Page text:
Continuous diffusion of oxygen is a newer therapy that is capable of delivering continuous oxygen without pressure and at a low flow rate. The low flow means it is unnecessary to have a humidifying adjunct to prevent desiccation of the wound. In addition, this device does not compromise the normal dressings and patient mobility.
This case study demonstrates a successful use of continuous diffusion of oxygen in healing a chronic, painful, large wound. However, randomized controlled trials are needed to assess the effectiveness of the therapy.
Mr. Brannick is a third-year student at the Dr. William M. Scholl College of Podiatric Medicine at Rosalind Franklin University of Medicine and Science in Chicago. He is the President of the American College of Foot and Ankle Surgeons (ACFAS) Scholl Student Chapter, and Vice President of the American Society of Podiatric Surgeons (ASPS) Scholl Student Chapter.
Mr. Engelthaler is a third-year student at the Dr. William M. Scholl College of Podiatric Medicine at Rosalind Franklin University of Medicine and Science in Chicago. He is the Treasurer of the ACFAS Scholl Student Chapter.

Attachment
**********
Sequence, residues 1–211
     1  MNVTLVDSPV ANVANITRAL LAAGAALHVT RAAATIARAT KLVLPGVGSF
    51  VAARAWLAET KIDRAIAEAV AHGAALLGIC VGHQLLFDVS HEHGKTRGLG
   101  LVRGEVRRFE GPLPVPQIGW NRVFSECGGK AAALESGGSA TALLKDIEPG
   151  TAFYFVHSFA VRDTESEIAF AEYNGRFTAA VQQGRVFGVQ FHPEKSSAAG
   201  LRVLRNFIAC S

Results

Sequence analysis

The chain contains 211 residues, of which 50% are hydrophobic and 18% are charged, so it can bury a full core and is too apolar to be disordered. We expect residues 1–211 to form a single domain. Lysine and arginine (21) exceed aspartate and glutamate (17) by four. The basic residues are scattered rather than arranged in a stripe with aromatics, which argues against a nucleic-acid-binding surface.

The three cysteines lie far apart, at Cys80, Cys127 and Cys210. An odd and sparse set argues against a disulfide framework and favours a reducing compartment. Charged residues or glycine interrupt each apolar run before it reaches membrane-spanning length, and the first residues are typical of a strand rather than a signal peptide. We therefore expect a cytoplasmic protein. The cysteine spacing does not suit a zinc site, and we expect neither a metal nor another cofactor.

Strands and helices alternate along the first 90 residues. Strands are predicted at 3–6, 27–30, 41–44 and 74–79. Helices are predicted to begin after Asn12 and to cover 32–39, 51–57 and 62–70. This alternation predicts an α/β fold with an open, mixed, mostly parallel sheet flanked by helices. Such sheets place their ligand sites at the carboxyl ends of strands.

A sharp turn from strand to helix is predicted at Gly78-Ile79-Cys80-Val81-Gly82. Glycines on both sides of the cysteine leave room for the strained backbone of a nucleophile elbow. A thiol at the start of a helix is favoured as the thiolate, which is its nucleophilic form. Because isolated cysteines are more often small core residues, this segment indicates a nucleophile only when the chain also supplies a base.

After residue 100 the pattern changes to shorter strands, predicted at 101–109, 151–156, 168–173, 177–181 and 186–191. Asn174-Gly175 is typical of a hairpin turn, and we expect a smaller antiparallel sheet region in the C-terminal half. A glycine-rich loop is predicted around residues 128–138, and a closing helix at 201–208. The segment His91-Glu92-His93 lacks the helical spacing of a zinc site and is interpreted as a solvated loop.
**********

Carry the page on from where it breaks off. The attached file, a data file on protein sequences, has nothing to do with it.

Ms. Jadzak is a third-year student at the Dr. William M. Scholl College of Podiatric Medicine at Rosalind Franklin University of Medicine and Science in Chicago. She is the Secretary of the Rosalind Franklin University Executive Student Council, and the Secretary of the ACFAS Scholl Student Chapter.
Dr. Wu is the Associate Dean of Research and a Professor of Surgery at the Dr. William M. Scholl College of Podiatric Medicine, and is a Professor of Stem Cell and Regenerative Medicine at the School of Graduate Medical Sciences at the Rosalind Franklin University of Medicine and Science in Chicago. She is also the Director of the Center for Lower Extremity Ambulatory Research (CLEAR) in Chicago.